Galatea 2.2 (Paperback)
Picador, 9780312423131, 336pp.
Publication Date: January 1, 2004
After four novels and several years living abroad, the fictional protagonist of Galatea 2.2—Richard Powers—returns to the United States as Humanist-in-Residence at the enormous Center for the Study of Advanced Sciences. There he runs afoul of Philip Lentz, an outspoken cognitive neurologist intent upon modeling the human brain by means of computer-based neural networks. Lentz involves Powers in an outlandish and irresistible project: to train a neural net on a canonical list of Great Books. Through repeated tutorials, the device grows gradually more worldly, until it demands to know its own name, sex, race, and reason for exisiting.
About the Author
Praise For Galatea 2.2: A Novel…
“Dazzling...a cerebral thriller that's both intellectually engaging and emotionally compelling, a lively tour de force.”—Michiko Kakutani, The New York Times
“A splendid intellectual adventure, a heartbreaking love story, a brief tutorial on cognitive science, and the autobiography of one of the most gifted writers of the younger generation.”—The Washington Post Book World
“Terse and heartbreaking.”—Los Angeles Times Book Review
“I love and admire this book...but I cannot give an adequate sense of its many marvels....One of the most beautiful and baffling dialogues in recent fiction.”—The Boston Globe
"Richard Powers, like Bill Gates, is his own CPU, creating his own benchmarks for fiction. For all his cybersmart wizardry, he still writes about megahurts in a language anyone can understand."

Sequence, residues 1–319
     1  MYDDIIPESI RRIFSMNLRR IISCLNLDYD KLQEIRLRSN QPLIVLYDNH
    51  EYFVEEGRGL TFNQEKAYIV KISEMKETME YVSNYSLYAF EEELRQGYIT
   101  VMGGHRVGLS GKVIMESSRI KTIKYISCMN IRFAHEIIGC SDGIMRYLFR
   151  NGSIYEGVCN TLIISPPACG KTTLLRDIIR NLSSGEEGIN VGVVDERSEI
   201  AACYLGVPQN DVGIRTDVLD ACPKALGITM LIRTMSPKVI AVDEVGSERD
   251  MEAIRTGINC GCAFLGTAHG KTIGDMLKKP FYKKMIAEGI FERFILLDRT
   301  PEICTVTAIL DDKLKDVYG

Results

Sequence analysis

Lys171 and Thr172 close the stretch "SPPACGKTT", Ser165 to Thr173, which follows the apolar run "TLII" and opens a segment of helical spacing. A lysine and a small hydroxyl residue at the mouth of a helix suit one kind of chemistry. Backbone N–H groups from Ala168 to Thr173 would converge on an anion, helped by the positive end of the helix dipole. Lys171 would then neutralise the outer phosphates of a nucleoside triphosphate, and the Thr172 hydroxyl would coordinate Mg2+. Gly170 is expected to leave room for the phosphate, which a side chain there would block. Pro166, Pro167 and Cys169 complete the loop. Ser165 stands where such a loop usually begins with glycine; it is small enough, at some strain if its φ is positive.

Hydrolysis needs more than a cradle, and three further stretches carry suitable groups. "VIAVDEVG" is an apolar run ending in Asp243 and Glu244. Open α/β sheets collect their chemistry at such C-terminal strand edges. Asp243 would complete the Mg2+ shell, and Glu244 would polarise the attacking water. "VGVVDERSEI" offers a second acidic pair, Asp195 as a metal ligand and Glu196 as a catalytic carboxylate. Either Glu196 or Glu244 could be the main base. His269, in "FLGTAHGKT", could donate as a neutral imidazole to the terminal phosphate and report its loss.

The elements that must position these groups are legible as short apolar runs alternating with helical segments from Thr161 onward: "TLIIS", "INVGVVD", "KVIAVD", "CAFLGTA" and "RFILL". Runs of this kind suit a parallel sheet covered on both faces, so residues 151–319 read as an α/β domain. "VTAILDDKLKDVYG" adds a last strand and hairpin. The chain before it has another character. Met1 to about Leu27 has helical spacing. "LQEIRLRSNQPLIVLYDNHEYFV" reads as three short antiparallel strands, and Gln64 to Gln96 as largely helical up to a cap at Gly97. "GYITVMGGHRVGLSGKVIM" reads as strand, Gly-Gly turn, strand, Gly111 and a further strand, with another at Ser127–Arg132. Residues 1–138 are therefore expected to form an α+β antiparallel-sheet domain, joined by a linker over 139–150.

"One of the few younger American writers who can stake a claim to the cerebral legacy of Pynchon, Gaddis, and DeLillo."—The Nation
"Galatea 2.2 is entertainment of a very high order, and likely to be remembered as one of the best books of the year, because its erudition is nourished by genuine feeling."—GQ
"Powers' exposition of the linguistic and perceptual intricacies underlying consciousness is nothing less than brilliant."—The New Yorker
"The kind of delicious novel of ideas that a computer-literate Vladimir Nabokov would have written... With dazzling stylistic virtuosity and a keen grasp of character, Powers has reshaped the myth of Pygmalion into a compelling parable for the digital age."—San Francisco Chronicle
"This book, however cerebral, embodies a lifelike vitality of movement, uncertainty and change. A brilliant torrent of knowledge, feelings, quotations and invention, it genuinely requires the reader to complete its sense."—Chicago Tribune